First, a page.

Sarkozy tells far right Joan of Arc 'belongs to no party'
French President Nicolas Sarkozy marked 600 years since Joan of Arc's birth on Friday, saying the patron saint "belonged to no party" as he battles to reclaim her image from the far right.
"As head of state, I had a duty to pay today, in the land of her birth, this solemn homage that France pays to those to whom it owes its freedom and greatness," Sarkozy said in a speech at Vaucouleurs in eastern France.
Joan of Arc passed through Vaucouleurs in 1429 on her way to the French royal court to lobby the monarch to join the fight against the English and the Burgundians during the Hundred Years War.
Sarkozy also visited Joan of Arc's birthplace at Domremy, on his undeclared campaign for a second mandate in April's presidential election in which the far-right National Front (FN) is expected to mount a strong challenge.
Opinion polls give FN leader Marine Le Pen as much as 20 percent of the vote in the first round, with Sarkozy also keen to ingratiate himself with FN voters in the event that he, and not she, makes it through to the second round of the vote.
"Joan doesn't belong to any party, any faction, any clan," Sarkozy said, in a clear swipe at Le Pen who will on Saturday pay her own homage to the 15th-century Catholic martyr at an FN rally in Paris.
"May we continue to think of her (Joan) as the symbol of our unity and not leave her in the hands of those who would use her to divide. To divide in the name of Joan of Arc is to betray Joan of Arc's memory," he said.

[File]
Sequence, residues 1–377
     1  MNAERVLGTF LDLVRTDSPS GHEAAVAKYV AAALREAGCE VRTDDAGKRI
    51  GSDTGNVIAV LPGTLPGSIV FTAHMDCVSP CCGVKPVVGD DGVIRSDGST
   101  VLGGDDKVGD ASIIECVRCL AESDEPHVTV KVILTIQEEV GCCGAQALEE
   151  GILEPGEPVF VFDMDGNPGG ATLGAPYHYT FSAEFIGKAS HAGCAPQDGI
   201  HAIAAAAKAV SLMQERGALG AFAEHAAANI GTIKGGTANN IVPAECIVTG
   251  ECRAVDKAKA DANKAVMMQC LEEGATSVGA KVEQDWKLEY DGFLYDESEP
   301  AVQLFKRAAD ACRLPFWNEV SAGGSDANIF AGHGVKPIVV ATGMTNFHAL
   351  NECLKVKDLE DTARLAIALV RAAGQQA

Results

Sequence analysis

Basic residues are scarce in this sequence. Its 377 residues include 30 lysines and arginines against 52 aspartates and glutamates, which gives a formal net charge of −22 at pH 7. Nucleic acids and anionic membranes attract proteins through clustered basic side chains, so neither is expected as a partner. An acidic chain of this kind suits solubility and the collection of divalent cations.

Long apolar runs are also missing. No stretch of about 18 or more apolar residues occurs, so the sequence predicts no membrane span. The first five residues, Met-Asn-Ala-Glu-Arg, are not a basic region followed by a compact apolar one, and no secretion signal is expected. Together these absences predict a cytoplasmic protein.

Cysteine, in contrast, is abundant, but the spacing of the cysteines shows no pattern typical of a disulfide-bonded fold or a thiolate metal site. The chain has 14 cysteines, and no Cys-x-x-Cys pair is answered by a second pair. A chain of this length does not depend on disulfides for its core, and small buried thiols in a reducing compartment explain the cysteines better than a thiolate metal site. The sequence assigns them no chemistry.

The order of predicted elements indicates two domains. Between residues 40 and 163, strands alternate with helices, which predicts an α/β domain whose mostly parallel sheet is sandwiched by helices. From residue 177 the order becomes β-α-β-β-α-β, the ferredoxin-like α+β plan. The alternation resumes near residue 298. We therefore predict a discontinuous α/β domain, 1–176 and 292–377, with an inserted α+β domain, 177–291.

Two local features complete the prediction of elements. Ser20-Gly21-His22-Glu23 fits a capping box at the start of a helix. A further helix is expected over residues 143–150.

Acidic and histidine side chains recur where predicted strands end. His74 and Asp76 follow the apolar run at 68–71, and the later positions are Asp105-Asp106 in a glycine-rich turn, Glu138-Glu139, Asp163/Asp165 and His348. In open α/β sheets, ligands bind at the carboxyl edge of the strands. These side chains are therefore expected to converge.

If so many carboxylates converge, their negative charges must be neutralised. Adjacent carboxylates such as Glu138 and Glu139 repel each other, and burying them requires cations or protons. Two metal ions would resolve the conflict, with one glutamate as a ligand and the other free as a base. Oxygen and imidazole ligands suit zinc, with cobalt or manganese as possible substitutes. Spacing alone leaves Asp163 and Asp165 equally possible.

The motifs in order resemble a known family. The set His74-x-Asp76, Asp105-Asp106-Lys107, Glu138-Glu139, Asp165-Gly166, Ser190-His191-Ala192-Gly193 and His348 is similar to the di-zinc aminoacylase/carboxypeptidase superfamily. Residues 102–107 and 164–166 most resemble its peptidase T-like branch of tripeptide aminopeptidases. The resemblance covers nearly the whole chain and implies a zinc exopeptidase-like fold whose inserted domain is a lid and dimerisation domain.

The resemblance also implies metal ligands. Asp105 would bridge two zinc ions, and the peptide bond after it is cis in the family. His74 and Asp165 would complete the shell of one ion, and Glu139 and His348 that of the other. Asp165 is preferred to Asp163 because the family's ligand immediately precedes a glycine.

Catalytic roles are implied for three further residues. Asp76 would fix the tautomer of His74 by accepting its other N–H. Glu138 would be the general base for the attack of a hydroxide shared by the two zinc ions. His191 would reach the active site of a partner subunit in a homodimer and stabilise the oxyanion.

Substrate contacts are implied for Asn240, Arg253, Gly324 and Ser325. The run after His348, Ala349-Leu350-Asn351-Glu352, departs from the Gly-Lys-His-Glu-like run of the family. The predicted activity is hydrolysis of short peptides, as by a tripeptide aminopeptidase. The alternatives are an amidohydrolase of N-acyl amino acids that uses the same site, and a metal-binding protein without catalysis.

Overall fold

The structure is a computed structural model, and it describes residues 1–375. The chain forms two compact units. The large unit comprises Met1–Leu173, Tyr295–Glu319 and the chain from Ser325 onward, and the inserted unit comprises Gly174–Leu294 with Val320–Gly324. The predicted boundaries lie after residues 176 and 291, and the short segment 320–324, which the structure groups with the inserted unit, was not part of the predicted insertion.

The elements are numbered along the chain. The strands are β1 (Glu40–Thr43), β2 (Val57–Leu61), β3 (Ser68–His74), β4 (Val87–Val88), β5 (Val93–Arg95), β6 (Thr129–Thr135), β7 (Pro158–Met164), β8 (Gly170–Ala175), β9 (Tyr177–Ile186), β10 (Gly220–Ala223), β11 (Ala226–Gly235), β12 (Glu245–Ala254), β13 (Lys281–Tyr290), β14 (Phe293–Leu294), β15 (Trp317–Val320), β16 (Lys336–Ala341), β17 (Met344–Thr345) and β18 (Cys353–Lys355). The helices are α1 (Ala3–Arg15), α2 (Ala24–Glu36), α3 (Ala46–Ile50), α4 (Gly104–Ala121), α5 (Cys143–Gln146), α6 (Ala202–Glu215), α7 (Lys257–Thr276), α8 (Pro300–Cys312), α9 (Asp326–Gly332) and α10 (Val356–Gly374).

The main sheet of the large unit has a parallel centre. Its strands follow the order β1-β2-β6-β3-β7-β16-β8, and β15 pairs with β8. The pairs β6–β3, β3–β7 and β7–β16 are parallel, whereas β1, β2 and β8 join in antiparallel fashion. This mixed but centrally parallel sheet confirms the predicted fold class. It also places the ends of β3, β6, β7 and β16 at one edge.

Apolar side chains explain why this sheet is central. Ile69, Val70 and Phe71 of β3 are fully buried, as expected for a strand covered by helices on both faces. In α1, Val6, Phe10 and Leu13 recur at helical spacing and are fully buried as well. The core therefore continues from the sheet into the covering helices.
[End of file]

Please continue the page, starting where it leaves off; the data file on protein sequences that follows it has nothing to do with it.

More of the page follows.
Since the 1980s, the FN has sought to appropriate Joan of Arc, who has broad appeal, partly for the perception that she "booted out" medieval English "immigrants". The party organises a parade in her honour every May 1.
French Catholics see in Joan a saint, nationalists see her as a royalist warrior who kicked out the English, while Socialists can hail her humble origins, although she was the daughter of a landowner.
Even France's Nazi collaborationist Vichy regime during World War II used her as a symbol of the then ongoing fight against the English.
And, like accusations that Sarkozy is pandering to far-right voters, the battle over Joan of Arc is also not new.
"Joan is France," Sarkozy said during the 2007 presidential election. "How could we have let the extreme right confiscate Joan of Arc for so long?"
Asked about Sarkozy's homage to Joan, Le Pen on Thursday said the president would have trouble catching up with her.
"He should know that I have stronger convictions, that I have a purer heart and that I have longer legs, and as a result he'll have a lot of trouble, I think, catching up with me," Le Pen said.
Socialist Party number two Harlem Desir said that Sarkozy and Le Pen were "without a doubt the least well placed" to pay homage to Joan of Arc as they "spend their time dividing the French."
© 2012 AFP